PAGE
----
Henry and Clara


Over the weekend, I finished reading Henry and Clara, a historical fiction novel by Thomas Mallon. Henry Rathbone and Clara Harris were invited by the Lincolns to share the Presidential box at Ford’s Theatre the night that Lincoln was assassinated. Henry and Clara have their own dramatic story outside of this historic event. Clara’s father and Henry’s mother married when they were in early puberty. Clara and Henry fell in love, but had to push through their family’s disapproval and the Civil War (during which Henry saw some of the worst battles and was injured), before they became engaged. They eventually married and had 3 children, but Henry’s increasing mental problems kept them from being happy. (Today, Henry would probably be diagnosed with paranoid schizophrenia.) They spent many unhappy years together, much of them spent traveling across Europe. Clara’s story ends tragically in Germany when Henry kills her after she prevents him from killing their children. Henry attempted suicide, but lived and spent the remainder of his life in a German asylum for the criminally insane.

While the book overall was interesting, I had difficulty becoming involved in the story. Certain words would jump out at me and disturb the flow of the narrative. It almost feels like the author is trying too hard, throwing in adjectives where none were needed, or using similes and metaphors when actions would have been enough to convey the mood, without it being so forcefully pointed out. The writing style seems to change between an old style such as Austen or Bronte and a more modern, sparser style, and the effect is jarring. An example of text that would bring me out of the story, instead of pulling me further in:
“His face took on a certain sadness. But he immediately cleared it, like a slate being wiped with a sponge, and put on a joking expression. He stripped off his Fillmore rosette and offered it to Clara like a bouquet.”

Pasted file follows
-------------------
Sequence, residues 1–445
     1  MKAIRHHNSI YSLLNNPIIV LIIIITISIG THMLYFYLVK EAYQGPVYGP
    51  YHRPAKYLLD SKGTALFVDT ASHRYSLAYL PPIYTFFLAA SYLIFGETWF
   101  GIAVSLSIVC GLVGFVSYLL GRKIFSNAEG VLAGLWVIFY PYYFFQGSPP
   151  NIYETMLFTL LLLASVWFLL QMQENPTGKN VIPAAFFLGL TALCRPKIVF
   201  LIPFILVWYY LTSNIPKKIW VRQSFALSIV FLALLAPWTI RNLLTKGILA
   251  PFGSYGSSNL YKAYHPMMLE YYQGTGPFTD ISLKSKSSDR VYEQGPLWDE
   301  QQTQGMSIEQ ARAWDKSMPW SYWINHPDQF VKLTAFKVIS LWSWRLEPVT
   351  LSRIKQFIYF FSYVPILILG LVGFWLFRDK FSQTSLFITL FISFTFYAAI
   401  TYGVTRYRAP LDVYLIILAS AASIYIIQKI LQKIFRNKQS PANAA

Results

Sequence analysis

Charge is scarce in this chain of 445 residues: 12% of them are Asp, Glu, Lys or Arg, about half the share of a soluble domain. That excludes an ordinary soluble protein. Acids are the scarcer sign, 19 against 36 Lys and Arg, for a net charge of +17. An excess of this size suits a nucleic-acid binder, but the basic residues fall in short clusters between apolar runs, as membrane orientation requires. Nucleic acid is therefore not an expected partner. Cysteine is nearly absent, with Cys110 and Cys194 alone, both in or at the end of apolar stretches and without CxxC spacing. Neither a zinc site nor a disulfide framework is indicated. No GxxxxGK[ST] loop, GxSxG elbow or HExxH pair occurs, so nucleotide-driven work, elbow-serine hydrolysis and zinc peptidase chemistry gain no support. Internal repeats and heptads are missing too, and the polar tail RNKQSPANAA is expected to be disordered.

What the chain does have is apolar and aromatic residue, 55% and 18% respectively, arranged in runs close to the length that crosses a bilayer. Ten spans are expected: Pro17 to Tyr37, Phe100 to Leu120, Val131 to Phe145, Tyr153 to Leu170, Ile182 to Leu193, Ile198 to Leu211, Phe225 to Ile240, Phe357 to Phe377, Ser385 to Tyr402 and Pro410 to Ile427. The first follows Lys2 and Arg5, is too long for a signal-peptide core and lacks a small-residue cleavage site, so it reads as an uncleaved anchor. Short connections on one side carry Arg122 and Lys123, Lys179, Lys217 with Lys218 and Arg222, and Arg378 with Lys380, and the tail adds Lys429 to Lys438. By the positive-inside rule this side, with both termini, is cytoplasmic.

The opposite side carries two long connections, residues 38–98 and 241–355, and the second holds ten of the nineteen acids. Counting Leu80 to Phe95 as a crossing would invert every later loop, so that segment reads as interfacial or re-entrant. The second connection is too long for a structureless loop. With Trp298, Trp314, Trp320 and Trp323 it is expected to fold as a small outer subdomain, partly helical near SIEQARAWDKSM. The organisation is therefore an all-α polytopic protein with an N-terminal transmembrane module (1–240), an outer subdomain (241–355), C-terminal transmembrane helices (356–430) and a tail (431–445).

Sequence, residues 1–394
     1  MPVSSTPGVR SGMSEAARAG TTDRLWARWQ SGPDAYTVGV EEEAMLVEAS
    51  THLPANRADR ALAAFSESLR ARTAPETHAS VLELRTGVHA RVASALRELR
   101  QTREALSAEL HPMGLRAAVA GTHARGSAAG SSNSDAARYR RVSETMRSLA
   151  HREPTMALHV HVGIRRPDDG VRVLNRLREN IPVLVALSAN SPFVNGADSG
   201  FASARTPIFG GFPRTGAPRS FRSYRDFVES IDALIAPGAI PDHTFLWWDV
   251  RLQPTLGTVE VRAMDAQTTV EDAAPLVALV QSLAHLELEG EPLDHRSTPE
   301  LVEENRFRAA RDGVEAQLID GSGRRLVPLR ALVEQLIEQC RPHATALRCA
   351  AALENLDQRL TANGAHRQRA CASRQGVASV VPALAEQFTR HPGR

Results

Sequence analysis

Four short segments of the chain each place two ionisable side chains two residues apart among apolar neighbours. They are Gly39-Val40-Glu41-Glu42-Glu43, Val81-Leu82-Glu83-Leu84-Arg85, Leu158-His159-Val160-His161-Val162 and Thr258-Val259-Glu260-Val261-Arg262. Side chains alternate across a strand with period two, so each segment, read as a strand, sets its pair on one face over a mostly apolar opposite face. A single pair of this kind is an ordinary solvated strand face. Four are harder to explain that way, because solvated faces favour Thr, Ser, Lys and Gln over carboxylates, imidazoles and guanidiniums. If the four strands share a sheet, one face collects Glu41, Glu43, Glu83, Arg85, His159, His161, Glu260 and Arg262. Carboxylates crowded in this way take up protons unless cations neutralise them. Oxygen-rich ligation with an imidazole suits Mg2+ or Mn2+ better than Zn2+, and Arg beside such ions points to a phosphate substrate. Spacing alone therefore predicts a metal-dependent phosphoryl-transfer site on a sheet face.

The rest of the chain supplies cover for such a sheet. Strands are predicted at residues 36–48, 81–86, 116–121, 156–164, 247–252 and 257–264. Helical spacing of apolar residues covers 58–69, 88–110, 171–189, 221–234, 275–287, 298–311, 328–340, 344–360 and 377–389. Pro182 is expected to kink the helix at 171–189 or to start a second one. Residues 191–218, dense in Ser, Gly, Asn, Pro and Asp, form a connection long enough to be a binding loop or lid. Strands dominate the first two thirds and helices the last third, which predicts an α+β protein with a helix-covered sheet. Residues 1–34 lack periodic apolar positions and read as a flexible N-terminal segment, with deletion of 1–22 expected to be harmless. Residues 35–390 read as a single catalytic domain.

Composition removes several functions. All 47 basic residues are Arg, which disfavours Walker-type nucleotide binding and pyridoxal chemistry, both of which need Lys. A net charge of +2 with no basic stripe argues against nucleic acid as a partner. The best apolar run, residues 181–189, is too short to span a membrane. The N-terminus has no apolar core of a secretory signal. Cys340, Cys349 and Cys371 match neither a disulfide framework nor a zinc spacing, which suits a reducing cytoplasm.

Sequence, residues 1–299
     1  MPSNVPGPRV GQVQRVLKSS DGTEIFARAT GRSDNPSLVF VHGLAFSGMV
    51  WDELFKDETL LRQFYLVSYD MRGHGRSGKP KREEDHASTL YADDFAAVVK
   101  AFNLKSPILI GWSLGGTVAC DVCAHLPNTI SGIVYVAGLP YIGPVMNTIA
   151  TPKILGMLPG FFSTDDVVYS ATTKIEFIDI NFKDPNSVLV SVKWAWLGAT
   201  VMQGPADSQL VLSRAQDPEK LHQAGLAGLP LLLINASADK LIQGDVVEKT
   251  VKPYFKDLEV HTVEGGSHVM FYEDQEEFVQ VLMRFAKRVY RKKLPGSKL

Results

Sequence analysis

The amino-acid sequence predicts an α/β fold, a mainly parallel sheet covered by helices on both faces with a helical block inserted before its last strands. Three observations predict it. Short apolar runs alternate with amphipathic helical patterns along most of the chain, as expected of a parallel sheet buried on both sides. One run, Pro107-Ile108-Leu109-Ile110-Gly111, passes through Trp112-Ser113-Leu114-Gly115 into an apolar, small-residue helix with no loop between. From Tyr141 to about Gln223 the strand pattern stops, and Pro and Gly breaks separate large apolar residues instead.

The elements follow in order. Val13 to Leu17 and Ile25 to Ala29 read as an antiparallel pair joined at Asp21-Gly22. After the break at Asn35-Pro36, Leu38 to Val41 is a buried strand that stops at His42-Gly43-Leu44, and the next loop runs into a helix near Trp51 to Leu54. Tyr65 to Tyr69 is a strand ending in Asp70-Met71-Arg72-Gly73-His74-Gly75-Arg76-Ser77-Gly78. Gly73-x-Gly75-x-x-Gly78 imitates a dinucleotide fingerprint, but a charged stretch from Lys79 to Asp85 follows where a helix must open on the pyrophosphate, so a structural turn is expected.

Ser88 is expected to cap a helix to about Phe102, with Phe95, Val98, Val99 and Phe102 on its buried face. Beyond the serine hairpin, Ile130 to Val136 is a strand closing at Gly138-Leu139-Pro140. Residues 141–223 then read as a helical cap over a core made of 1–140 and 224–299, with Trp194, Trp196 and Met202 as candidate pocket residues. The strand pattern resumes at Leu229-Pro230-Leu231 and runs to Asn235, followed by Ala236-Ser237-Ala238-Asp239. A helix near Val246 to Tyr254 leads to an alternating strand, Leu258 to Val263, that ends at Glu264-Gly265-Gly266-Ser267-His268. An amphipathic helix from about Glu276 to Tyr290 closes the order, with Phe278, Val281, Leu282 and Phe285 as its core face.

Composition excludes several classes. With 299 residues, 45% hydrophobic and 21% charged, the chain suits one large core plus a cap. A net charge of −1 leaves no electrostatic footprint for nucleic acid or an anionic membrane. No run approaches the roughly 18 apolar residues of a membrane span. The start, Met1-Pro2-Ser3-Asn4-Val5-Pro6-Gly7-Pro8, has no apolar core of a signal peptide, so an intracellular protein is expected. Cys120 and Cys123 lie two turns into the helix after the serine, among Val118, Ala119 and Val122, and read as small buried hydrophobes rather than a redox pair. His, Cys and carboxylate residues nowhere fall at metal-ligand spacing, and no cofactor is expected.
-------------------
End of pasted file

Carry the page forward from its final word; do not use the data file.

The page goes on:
Another thing I found distracting was the point of view. Most of the story is told in limited third person from Clara’s point of view. Occasionally, however, he will jump to omniscient third person, switching for just a short section to another person’s point of view. If the entire book were told with the omniscient style, it would be fine, but when you read several chapters all from Clara’s point of view and then there are just 2 sentences from her father’s, it breaks the pace of the book.

The most interesting part of the story to me was the time period immediately before and after Lincoln’s assassination. It took me further in depth to the time period than I’ve read before and was very compelling. The period after Henry and Clara’s marriage until the murder was the least exciting, to me. I had a hard time staying involved with the story.

I think I would have preferred Henry and Clara’s story more if it were told as a exaggerated nonfiction than as a novel. If you like historical novels, it might be worth a read; otherwise, I’d skip it. That being said, others clearly disagree with me — this was a 1994 New York Times Notable Book of the Year, and has glowing praise from various book reviews and newspapers on the cover.

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